Simon Davidson – Interview

I am pleased to present you to the talented Sydney-based photographer Simon Davidson. He accepted to answer to our interview and it’s with pleasure that we show you his work…


Hello Simon, how are you?    
Hello. I’m very well, thank you.

Can you introduce yourself? Tell us more about you.
I am a full time photographer who was born in New Zealand. I was raised in Sydney, Australia where I am currently based. Grew up near the coast constantly surfing and have a passion for old cars from the 1950’s and 1960’s. My daily driver is a 1964 Ford Falcon coupe powered by a sweet 289 V8. I live with my girlfriend and our 5-year-old daughter.

Can you talk to us about your background in photography.  When did you start?
I didn’t pick up a camera till I was 25. At the time I was between jobs and decided to have a break from managing bars so I sourced a job in photography, mainly to learn. My early photographic years were spent working in darkrooms, labs processing black and white film and shooting odd jobs gathering on hands experience before travelling overseas to assist. I spent a few years in NYC and Los Angeles assisting before returning to Australia at the beginning of 2000. I continued to assist on returning to Sydney before making the break to shooting full time. From assisting I drifted into fashion and portrait photography. In the early days of shooting full time, I was still defining my own style when by chance I stumbled across Australian muscle and custom car culture. This was the beginning of a personal project that changed the direction of my work and ultimately my career.

Some of your works (Bonneville, Speedweek, Burnouts…) are focused on racing and cars. Can you tell us more about this part of your photographic work?
As mentioned earlier… Australian muscle and custom car culture is a personal project. Amongst this broad culture I was drawn into the sub-cultures of landspeed racing and burnouts. Landspeed racing is wrapped up in nostalgia and history but the landscape of landspeed racing was, for me, the photographic sweetener. The vastness of a salt lake, the sense of infinity and harshness of light all combine into a dreamscape, which at first was a challenge. However, over time I found a rhythm. If car racing can be calm and meditative, then landspeed racing on a salt lake is just that. Burnouts are the opposite… loud, aggressive and dirty. In the midst of all the burnout chaos, visually, I find a place of harmony. The single-minded, obsessive passion of the racers, competitors, car builders and spectators in both disciplines can be intoxicating. I’ll keep exploring these sub-cultures for a while yet as I feel each project is incomplete.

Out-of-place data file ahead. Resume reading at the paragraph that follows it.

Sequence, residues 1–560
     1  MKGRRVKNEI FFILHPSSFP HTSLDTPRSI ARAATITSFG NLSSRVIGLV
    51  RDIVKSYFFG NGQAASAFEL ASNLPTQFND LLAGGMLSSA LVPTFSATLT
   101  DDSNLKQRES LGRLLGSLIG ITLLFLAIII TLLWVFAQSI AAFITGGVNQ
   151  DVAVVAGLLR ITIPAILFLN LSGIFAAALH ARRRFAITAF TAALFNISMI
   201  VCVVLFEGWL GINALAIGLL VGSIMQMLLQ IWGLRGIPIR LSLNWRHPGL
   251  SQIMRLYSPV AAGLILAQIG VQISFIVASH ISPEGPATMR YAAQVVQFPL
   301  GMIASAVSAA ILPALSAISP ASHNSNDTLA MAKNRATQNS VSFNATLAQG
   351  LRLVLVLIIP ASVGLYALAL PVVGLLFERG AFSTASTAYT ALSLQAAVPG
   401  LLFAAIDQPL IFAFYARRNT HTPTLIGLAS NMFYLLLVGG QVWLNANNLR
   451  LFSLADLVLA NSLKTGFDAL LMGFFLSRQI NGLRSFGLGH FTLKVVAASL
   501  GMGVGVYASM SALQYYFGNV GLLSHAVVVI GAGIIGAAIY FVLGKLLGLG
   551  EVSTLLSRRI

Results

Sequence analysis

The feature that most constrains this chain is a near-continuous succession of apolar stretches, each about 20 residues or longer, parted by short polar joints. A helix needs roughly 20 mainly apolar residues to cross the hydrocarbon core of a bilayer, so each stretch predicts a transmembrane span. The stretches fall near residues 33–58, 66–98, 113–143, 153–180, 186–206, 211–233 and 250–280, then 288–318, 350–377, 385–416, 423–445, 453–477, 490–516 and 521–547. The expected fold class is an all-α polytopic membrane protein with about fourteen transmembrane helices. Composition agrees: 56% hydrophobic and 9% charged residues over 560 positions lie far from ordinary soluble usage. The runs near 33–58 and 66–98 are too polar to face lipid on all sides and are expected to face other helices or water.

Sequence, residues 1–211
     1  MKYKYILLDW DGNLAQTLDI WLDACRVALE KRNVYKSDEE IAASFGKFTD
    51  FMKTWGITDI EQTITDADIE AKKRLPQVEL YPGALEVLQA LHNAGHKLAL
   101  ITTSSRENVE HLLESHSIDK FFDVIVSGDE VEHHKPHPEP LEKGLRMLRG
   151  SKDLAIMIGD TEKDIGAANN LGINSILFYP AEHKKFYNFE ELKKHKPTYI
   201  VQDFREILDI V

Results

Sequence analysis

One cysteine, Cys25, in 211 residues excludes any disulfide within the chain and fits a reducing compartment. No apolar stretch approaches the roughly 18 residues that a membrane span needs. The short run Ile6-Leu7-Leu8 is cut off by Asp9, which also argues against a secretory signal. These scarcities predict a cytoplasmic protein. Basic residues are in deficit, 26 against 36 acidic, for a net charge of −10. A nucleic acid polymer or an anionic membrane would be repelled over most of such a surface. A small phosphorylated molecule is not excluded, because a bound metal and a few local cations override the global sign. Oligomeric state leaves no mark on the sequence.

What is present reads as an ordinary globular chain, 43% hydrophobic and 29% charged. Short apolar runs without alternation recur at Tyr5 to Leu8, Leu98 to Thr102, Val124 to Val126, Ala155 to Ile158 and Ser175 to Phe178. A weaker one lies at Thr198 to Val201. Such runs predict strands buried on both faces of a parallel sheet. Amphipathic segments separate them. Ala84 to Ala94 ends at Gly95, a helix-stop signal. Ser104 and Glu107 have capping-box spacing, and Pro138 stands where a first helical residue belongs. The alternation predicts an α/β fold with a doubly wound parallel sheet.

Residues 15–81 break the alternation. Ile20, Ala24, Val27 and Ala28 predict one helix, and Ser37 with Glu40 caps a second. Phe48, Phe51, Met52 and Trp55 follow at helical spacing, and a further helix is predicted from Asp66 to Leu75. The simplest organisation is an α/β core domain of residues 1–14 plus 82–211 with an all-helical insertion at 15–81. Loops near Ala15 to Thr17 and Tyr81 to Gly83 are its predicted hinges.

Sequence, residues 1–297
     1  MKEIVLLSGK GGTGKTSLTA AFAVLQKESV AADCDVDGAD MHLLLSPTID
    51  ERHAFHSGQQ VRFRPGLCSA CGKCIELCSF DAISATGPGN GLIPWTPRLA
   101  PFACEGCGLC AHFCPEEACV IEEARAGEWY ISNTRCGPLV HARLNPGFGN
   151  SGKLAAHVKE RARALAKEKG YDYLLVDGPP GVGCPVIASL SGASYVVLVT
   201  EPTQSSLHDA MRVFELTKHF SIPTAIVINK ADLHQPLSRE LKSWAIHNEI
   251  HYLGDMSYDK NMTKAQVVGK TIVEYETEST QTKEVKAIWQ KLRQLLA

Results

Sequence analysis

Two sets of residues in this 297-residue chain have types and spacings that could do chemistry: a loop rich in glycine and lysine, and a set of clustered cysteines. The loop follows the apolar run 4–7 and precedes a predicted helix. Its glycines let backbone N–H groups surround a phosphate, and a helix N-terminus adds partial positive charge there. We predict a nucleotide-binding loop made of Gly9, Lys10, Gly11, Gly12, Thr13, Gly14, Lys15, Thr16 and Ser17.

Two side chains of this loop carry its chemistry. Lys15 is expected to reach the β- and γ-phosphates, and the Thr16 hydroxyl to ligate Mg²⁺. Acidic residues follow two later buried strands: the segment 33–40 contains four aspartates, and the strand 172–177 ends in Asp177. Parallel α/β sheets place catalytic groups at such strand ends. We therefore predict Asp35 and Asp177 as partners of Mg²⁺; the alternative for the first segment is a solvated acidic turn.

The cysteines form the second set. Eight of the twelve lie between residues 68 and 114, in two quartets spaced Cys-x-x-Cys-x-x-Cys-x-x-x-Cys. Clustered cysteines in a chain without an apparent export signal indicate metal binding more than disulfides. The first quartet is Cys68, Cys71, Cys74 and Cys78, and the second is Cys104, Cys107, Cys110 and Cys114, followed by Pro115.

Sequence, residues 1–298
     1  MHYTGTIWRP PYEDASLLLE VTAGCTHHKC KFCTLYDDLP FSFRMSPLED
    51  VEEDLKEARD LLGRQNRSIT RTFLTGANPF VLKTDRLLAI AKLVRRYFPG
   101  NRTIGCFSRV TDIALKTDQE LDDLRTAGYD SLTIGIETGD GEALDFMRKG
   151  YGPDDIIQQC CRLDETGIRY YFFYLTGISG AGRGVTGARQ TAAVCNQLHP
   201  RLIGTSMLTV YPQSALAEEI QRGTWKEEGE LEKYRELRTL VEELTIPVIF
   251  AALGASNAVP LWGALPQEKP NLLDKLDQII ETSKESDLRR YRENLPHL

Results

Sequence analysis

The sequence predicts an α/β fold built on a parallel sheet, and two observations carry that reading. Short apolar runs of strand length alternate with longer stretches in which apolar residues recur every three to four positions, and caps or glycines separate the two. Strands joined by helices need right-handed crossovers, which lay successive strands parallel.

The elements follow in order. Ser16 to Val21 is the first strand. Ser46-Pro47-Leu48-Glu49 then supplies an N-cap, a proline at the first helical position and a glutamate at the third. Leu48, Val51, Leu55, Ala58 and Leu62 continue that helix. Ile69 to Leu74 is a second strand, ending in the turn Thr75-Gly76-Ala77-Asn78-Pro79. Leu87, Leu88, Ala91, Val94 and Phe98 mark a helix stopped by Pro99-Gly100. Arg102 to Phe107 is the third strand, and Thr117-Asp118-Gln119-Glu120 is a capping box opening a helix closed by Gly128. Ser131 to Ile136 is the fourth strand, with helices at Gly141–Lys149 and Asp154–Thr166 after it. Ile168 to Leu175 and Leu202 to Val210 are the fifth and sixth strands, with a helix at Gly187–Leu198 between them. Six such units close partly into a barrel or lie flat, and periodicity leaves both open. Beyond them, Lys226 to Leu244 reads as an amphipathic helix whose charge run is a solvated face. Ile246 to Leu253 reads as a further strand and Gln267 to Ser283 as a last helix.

What inspires and influences you?
Inspiration comes from many sources… film, music, other photographers and artists… life.
I’m absolutely inspired by the passion of humans and our diversity. My artistic influence relates back to when I was working with film… the warm and emotive qualities of negative film always remained with me into the digital realm.

What project has given you the most satisfaction?
The project Mt Liebig. In 2004 I visited a remote Aboriginal community located in the central western desert of Australia to teach photography as a diversion program. At the time petrol sniffing was a huge problem in the remote communities. With the use of disposable cameras, community members created a portrait of remote community life. Personally it was a very rewarding project. I was able to immerse myself into an ancient culture albeit at the modern end. I learnt much about the traditional custodians of Australia. The images on my website are my images from the half a dozen times I visited the community. The diversion project was a success, after 18 months the amount of sniffers dropped from 14 to zero.

What does photography mean to you?
I have a love affair with photography and am continually fascinated by the history and progression of photography as a craft. What a beautiful and powerful medium.

What advice would you give to the young photographers?
Whether it’s a career choice or a passion, be prepared to work hard and take as many photos as possible to learn. Just keep shooting and if possible find a mentor. The journey of a photographer is incredible.

Some projects to come?
Always looking for new projects but for the time being I’ll keep shooting Australian custom car culture and push myself to look at the same scene differently. I’ve found a long-term project has been a beneficial way to measure my evolution as a photographer.

The last word…
Thank you for taking an interest in my work.




/ Interview : Dennis Moya  // All the photographs are © Simon Davidson.